“The middle-class Americans who did the manufacturing work, all that capability, machine tools, knowledge, it just became worthless, driven by the stock price,” he said. “The national ability to produce is a national treasure. If you can’t produce you won’t consume, and you can’t defend yourself.”
Monopolizing the Defense Industrial Base
But it’s not just the dual-use commercial manufacturing base that is collapsing. Our policy empowering Wall Street and offshoring has also damaged the more specialized defense base, which directly produces weaponry and equipment for the military.
How pervasive is the loss of such capacity? In September 2018, the Department of Defense released findings of its analysis into its supply chain. The results highlighted how fragile our ability to supply our own military has become.
The story here is similar. When Wall Street targeted the commercial industrial base in the 1990s, the same financial trends shifted the defense industry. Well before any of the more recent conflicts, financial pressure led to a change in focus for many in the defense industry—from technological engineering to balance sheet engineering. The result is that some of the biggest names in the industry have never created any defense product. Instead of innovating new technology to support our national security, they innovate new ways of creating monopolies to take advantage of it.
A good example is a company called TransDigm. While TransDigm presents itself as a designer and producer of aerospace products, it can more accurately be described as a designer of monopolies. TransDigm began as a private equity firm, a type of investment business, in 1993. Its mission, per its earnings call, is to give “private equity-like returns” to shareholders, returns that are much higher than the stock market or other standard investment vehicles.
It achieves these returns for its shareholders by buying up companies that are sole or single-source suppliers of obscure airplane parts that the government needs, and then increasing prices by as much as eight times the original amount.
If the government balks at paying, TransDigm has no qualms daring the military to risk its mission and its crew by not buying the parts. The military, held hostage, often pays the ransom. TransDigm’s gross profit margins using this model to gouge the U.S. government are a robust 54.5 percent.
To put that into perspective, Boeing and Lockheed’s profit margins are listed at 13.6 percent and 10.91 percent.
The company is now the sole supplier for 80% of the end markets it serves. And 90% of the items in the supply chain are proprietary to TransDigm. In other words, the company is operating a monopoly for parts needed to operate aircraft that will typically be in service for 30 years…. Managers are uniquely motivated to increase shareholder value and they have an enviable record, with shares up 2,503% since 2009…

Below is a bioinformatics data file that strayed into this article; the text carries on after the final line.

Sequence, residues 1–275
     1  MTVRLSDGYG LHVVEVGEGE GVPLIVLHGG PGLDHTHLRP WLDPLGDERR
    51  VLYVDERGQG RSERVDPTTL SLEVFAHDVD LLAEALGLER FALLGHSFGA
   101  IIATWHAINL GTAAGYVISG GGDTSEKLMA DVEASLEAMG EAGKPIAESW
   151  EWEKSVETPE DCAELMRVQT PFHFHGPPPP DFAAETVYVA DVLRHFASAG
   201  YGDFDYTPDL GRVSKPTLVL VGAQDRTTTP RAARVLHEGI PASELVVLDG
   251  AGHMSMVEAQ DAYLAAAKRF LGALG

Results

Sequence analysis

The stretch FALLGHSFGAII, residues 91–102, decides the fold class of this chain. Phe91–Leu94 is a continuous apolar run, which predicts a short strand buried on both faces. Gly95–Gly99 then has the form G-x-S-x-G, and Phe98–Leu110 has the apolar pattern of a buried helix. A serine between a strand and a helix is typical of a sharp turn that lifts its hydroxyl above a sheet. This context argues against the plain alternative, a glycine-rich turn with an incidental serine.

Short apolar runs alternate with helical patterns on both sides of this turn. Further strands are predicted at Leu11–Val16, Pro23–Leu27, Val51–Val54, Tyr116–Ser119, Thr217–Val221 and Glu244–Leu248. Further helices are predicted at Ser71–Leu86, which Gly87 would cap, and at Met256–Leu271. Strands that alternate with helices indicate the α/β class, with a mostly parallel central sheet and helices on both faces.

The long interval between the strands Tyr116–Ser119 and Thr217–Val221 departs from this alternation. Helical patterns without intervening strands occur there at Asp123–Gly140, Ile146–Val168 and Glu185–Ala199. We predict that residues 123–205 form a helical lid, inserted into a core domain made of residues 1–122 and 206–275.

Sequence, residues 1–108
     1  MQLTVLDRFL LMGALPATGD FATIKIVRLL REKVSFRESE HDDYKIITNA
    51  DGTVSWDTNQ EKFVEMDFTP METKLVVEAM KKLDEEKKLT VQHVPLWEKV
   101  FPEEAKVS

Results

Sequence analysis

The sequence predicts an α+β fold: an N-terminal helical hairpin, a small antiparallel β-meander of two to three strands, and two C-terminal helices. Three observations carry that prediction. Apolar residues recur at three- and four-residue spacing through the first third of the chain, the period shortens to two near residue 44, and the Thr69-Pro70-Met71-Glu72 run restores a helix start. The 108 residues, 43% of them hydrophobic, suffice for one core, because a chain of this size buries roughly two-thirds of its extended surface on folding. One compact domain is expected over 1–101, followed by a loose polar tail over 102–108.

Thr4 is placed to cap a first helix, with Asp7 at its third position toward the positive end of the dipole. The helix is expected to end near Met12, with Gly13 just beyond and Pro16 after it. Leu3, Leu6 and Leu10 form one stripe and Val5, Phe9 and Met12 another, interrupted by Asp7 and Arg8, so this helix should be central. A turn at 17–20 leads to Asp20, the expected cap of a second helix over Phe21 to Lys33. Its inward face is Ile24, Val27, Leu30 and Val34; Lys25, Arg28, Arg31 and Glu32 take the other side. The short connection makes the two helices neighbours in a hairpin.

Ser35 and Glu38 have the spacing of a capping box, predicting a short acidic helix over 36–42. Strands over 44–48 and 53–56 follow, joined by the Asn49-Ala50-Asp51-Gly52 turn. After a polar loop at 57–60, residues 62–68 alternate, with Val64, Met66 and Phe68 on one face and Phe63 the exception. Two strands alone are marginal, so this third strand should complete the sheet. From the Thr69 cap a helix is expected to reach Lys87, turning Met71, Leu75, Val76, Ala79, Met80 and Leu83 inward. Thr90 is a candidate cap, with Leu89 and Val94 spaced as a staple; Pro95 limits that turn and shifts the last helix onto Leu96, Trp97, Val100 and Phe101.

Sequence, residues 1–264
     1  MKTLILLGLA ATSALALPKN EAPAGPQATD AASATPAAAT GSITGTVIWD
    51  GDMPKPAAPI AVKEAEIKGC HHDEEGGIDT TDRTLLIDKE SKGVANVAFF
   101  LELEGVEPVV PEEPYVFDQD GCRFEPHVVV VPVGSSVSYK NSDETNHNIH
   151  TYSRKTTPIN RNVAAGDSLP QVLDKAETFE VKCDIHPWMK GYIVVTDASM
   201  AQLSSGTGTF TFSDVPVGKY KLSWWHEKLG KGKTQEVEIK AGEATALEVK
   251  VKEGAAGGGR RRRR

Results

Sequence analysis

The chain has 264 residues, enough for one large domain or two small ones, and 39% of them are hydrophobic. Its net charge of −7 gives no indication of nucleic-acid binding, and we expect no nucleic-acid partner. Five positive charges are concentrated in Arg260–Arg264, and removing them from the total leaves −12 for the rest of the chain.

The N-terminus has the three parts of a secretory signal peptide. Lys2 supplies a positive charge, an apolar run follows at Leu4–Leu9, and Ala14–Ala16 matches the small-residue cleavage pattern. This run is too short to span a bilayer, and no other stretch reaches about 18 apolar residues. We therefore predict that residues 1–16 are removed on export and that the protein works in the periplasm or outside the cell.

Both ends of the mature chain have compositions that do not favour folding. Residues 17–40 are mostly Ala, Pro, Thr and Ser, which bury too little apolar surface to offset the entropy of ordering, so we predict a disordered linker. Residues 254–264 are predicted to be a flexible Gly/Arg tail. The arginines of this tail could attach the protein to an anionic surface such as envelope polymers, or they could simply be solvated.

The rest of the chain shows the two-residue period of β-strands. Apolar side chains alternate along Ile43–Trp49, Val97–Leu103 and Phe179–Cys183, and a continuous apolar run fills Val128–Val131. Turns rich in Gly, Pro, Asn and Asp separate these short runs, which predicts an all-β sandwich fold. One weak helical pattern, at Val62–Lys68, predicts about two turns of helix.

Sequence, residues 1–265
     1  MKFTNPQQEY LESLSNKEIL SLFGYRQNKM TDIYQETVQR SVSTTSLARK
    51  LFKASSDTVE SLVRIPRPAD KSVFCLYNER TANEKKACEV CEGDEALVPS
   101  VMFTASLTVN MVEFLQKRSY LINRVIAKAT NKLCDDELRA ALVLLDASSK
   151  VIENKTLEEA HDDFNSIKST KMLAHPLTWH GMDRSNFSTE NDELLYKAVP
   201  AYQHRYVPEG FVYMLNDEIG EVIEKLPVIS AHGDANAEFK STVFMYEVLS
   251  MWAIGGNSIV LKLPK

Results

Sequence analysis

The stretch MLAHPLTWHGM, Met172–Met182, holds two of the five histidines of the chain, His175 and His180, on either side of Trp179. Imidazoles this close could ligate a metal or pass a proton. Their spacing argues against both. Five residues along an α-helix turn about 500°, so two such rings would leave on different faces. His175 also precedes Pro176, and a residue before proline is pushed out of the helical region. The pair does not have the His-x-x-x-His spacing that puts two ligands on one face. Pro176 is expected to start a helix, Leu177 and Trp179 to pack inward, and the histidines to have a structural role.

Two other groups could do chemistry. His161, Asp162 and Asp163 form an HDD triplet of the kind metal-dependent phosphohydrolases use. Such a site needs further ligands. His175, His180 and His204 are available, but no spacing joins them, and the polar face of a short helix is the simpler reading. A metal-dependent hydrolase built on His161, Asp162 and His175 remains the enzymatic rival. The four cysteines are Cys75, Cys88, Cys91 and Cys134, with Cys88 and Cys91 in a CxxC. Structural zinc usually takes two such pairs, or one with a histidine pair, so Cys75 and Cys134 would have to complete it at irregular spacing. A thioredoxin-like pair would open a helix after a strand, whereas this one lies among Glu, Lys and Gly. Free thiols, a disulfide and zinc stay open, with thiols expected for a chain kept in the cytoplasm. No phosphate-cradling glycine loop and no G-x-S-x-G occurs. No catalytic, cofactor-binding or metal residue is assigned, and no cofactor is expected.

In other words, because L3 has a monopoly, there was no one else to pick. The system—a system designed by the financial industry that rewards monopoly and consolidation at the expense of innovation and national security—essentially made the pick for him. It is no wonder our military capacities are ebbing, despite the large budget outlays—the money isn’t going to defense.
At an Armed Services Committee hearing in 2018, Representative Carol Shea-Porter talked about how constant the conflict between financial concentration and patriotism had been in her six years on the committee. She recounted a CEO once telling her, in response to her concern about the outsourcing of defense industry parts, that he “[has] to answer to stockholders.”
Who are these stockholders that CEOs are so compelled to answer to? Oftentimes, China.
The trend accelerated, until the recent flare-up of tensions between the United States and China. “China’s foreign direct investment (FDI) stock in the U.S. increased some 800% between 2009 and 2015,” she wrote. Then, from 2015 to 2017, “Chinese FDI in the U.S. …climbed nearly four-fold, reaching roughly $45.6 billion in 2016, up from just $12.8 billion in 2014.”
This investment runs right through Wall Street, the key lobbying group trying to ratchet down Trump’s tough negotiating posture with the Chinese.
Rather than showing concern about the increasing influence of a foreign power in our commerce and industry, Wall Street banks have repeatedly followed Archie Cox down the path of easy returns.
While TSP & Vanguard Smart Investor main goal is helping serious and reluctant investors make more informed allocation decisions, we also hope to educate readers to the strategic investment environment we find ourselves in today. And hoping our policy makers wake up to the corrosive effects the political-financial complex has on our future.
Unfortunately much of the effects are already baked in and we need to invest so our retirement is not part of the collateral damage. Invest safe, invest smart.